21 Jun 1800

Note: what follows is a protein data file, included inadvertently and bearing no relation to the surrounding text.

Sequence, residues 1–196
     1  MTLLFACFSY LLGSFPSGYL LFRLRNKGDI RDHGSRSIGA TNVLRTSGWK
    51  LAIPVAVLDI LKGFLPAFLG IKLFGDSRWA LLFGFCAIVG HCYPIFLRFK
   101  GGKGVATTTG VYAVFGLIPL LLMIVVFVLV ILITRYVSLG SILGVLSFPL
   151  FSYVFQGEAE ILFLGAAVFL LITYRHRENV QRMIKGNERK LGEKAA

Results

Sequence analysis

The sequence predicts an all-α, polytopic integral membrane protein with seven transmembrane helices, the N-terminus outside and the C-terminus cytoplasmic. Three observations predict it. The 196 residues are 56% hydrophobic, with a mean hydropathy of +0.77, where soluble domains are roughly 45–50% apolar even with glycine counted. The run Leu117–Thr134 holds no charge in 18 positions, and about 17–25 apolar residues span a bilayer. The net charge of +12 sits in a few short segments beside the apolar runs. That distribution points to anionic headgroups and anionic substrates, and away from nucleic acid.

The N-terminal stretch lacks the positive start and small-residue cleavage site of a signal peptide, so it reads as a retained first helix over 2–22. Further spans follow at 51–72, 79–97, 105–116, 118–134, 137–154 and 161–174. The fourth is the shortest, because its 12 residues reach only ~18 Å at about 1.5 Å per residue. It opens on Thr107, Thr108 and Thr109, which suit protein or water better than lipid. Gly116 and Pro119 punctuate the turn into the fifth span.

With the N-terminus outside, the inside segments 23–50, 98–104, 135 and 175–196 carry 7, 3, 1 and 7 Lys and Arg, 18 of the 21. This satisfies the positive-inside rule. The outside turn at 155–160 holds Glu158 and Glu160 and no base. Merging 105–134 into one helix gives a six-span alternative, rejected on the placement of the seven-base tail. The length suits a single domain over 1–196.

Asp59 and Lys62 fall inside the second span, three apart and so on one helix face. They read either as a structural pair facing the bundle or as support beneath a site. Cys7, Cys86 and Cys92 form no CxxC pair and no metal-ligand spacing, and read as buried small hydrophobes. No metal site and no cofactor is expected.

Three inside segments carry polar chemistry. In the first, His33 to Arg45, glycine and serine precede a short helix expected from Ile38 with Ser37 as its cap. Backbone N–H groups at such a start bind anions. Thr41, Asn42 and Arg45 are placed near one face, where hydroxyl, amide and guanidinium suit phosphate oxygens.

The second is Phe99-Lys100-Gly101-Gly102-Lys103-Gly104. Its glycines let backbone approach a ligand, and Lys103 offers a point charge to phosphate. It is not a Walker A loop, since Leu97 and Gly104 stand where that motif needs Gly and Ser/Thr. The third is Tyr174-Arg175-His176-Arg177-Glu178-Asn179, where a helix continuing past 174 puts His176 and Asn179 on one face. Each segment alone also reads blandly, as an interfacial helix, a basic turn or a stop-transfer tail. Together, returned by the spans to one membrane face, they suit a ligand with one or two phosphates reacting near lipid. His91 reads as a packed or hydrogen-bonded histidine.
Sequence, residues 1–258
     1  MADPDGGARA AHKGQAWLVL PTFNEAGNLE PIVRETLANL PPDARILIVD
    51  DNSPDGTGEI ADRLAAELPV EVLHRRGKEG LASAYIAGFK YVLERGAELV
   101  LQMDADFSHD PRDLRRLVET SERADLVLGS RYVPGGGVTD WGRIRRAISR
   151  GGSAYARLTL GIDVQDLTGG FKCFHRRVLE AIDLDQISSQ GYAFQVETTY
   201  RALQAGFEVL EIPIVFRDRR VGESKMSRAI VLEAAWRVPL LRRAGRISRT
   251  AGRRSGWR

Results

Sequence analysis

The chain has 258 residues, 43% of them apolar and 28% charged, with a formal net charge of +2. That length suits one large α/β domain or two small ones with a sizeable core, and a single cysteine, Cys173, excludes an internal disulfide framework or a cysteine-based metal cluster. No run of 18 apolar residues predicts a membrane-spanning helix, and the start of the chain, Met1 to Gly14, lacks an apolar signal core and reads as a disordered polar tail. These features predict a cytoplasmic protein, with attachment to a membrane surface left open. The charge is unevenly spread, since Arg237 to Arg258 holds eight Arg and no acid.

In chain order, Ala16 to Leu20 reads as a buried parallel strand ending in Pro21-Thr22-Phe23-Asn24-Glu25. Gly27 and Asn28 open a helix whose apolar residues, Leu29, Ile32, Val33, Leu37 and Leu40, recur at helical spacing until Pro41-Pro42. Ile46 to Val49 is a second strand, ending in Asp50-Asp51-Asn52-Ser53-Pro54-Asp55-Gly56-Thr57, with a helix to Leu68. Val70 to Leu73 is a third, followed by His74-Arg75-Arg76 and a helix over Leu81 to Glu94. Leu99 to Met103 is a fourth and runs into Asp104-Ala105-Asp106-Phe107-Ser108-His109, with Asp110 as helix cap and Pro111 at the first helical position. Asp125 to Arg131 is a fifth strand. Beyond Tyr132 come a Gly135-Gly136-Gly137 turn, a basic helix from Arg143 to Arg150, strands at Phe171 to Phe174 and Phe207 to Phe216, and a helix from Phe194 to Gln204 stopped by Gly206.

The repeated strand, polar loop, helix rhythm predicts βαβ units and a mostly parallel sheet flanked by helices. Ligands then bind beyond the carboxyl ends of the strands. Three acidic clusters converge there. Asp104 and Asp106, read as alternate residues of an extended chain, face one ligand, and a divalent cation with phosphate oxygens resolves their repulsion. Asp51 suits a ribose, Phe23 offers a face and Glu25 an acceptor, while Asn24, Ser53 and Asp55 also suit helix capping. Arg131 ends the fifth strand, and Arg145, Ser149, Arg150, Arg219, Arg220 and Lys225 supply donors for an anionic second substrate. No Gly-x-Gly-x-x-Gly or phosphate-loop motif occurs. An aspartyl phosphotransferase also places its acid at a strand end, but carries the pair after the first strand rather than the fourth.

On the 21st, having got nearly into the latitude of the Cape, we bent our cables, but the wind which had hung so long to the S. seemed determined to oppose us, the more unlucky as we had got enough of southing, and now wanted easting. It continued till the 23d at E. and N. N. E. so variable were the winds at this season of the year from what they are supposed to be in these southern latitudes, and which is laid down to be in general from the W. The sea was much smoother. At three P. M. of the 23d, we saw a vessel bearing down before the wind upon us. It now began to blow hard at N.N.E. The stranger as she approached proved to be a Spanish brig with prize colours up; captured in the River of Plate by a privateer fitted out by a merchant at the Cape of Good Hope, commanded by Mr. John Black, of whom I shall have occasion to make mention hereafter. On coming within hail the prizemaster informed me that he had neither book or chart on hoard, and that he did not know where he was. He had suffered considerably in the heavy weather we had seen the breakers in, and begged some canvas and twine to repair his sails, and a few other articles he stood in need of. I desired him to keep company with me till the morning, informing him of the course I intended steering, and that I would shorten sail for him: I also gave him the latitude and longitude. The brig was about seventy tons burthen, laden with bees wax, hides, tallow and tobacco. On perceiving the shattered state of this vessel, without a boat, she having it washed overboard, I could not but be thankful we had not lost a single article from our decks since we left the Thames .